China is building a floating spaceport to launch rockets

A new mobile launch pad is being developed by the China Aerospace Science Corporation and

technologies (CASC), the largest contractor inareas of the aerospace and defense industry. Once commissioned, it will be used to launch light vehicles and to build and maintain rockets and satellites. As China's fifth launch site, it will give the country's space program a new degree of flexibility.

Adding an offshore platform will also helpreduce the risk to communities. Currently, all of China's other launchers are located inland at Jiuquan (northwest China), Taiyuan (north), Xichang (southwest) and the coastal area at Wenchang (south) on Hainan Island. Launching from these locations often results in depleted stages falling to Earth, requiring extensive safety and clean-up operations.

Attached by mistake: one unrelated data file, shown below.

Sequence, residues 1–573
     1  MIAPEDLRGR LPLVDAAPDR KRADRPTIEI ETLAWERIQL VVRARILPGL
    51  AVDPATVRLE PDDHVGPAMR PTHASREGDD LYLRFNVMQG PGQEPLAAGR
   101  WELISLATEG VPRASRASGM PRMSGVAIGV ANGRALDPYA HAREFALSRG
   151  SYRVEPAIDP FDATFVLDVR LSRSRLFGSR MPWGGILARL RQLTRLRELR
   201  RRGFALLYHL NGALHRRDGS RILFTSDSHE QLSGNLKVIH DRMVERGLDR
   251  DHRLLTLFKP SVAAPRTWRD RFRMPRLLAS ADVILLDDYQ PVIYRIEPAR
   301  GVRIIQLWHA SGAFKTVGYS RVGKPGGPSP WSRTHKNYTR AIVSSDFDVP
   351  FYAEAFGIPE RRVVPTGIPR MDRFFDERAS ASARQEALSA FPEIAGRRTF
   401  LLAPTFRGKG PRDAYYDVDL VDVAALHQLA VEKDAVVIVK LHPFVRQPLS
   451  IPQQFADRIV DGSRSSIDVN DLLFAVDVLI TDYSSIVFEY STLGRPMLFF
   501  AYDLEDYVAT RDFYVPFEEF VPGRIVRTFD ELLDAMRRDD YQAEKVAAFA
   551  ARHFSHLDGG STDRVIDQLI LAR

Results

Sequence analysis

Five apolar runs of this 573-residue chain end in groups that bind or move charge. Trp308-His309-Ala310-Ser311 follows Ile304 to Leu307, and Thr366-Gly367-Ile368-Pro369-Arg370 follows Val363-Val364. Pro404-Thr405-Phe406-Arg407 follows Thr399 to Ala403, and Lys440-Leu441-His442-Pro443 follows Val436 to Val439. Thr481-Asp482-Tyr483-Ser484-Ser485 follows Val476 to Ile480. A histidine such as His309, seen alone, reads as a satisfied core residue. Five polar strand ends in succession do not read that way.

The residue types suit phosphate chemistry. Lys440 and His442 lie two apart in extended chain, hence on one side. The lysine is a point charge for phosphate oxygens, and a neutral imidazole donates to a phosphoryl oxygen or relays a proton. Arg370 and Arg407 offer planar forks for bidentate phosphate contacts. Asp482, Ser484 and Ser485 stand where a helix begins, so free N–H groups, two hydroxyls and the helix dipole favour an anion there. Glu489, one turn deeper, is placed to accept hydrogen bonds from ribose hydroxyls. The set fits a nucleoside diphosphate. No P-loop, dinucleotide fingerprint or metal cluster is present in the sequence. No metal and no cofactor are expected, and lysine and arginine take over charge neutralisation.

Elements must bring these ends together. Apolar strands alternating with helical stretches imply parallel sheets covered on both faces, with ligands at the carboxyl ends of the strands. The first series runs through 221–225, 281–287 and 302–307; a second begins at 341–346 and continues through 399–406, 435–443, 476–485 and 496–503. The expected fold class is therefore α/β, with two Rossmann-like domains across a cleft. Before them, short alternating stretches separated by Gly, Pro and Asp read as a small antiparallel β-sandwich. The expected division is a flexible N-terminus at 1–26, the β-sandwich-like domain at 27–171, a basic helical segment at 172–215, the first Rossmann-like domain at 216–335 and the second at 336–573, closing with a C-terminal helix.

The addition of a floating spaceport is also consistentwith the expansion of launch services that China has provided in recent years. The country has seen an exponential growth in launches using the Long March rocket family for 20 years. In 2001, CNSA performed only one launch with the Long March 2F. By 2018, that number had increased to 37 using a combination of the Long March 2, 3, 4 and 11 models.

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